Saraqeb's injured now have to be
taken many miles north to the city
of Idlib for treatment.
But when they get to the central
hospital, doctors there struggle
to deal with the growing number
of new arrivals, many of whom have
injuries they are unable to treat,
and patients moved on yet again.
Since we cannot cope
with most of the injuries
that we have admitted
to the hospital, we do
indeed transfer them
to the northern medical point.
And what makes things a lot worse
is that the fighters actually target
ambulances and any cars suspected
as belonging to the civil defence.
It is barbaric.
The medical crews
should not be attacked.
We get bombed and shot at,
even after we collect
the injured of the roads.
We get hit with rockets
and machine gun fire.
The destruction of hospitals hasn't
just been happening in Idlib,
but right across Syria.
The New York-based campaign
organisation Physicians For Human
Rights claims there are 492 verified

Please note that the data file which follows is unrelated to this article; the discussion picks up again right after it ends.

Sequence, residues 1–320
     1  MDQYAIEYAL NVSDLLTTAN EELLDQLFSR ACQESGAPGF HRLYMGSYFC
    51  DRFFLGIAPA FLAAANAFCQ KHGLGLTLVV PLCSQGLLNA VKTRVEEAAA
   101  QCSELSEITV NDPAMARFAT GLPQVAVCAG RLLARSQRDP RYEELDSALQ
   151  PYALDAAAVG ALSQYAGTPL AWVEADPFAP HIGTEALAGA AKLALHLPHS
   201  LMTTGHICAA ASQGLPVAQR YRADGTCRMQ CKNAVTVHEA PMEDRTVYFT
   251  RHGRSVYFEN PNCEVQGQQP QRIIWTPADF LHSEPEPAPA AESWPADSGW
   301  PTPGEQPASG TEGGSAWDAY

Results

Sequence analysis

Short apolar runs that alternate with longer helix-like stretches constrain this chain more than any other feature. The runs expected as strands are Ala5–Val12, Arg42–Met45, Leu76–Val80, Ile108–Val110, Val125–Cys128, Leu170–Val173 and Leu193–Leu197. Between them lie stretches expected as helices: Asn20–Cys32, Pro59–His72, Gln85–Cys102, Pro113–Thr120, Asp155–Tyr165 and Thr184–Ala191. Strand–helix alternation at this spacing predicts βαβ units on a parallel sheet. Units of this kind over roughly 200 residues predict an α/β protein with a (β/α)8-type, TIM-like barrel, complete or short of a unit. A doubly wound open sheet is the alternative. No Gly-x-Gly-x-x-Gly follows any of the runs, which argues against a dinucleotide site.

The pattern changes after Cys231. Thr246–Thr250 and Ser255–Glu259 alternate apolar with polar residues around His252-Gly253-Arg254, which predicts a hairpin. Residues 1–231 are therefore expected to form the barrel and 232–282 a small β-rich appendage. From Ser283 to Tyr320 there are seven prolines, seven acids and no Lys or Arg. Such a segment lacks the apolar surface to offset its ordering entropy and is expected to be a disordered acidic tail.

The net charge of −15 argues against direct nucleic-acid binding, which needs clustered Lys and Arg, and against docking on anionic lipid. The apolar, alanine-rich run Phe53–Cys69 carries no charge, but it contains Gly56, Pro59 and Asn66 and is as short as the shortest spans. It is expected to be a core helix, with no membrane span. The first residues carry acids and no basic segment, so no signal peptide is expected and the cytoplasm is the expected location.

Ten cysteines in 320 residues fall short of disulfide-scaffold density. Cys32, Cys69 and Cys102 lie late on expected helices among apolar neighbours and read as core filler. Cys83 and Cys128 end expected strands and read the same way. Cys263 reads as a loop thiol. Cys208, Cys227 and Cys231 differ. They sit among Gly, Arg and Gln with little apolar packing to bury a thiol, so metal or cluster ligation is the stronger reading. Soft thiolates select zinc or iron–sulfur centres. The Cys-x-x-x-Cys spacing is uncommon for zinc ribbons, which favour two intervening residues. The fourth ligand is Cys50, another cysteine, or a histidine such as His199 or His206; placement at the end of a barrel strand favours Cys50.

attacks on hospitals,
mostly by Syrian government forces,
since the war began.
But the group claims that
what amounts to a war
on health is not confined
to the bombing of hospitals.
Physicians For Human Rights has also
documented the blocking
of humanitarian aid,
stripping of medical supplies
from humanitarian convoys.
Just today, the UN came out asking
the Russians, the Iranis,
the Turkish authorities,
to push the Syrian government
to allow for humanitarian aid.
Apparently, the Syrian government
has not authorised aid
for the past two months.
The Syrian government has denied
that it deliberately attacks
hospitals or other civilian targets.
But Physicians For Human Rights say
they have documented 11 attacks
on this one hospital alone
in eastern Aleppo last year.
Could a mistake be
made that many times?
At this point I think it is on them
to prove it is not deliberate.
As we have documented attacks
on health care facilities that
are in remote areas,
where they really could not have
wanted to hit anything else.
As we have documented double attacks
where the same facilities
are being hit as first responders
are there, as ambulances
are leaving with patients.
As we are documenting attacks
on hospitals that have been built
into caves in order to protect them,
I think there is a lot of
circumstantial evidence to suggest
these are indeed targeted attacks.
International lawyer Geoffrey Nice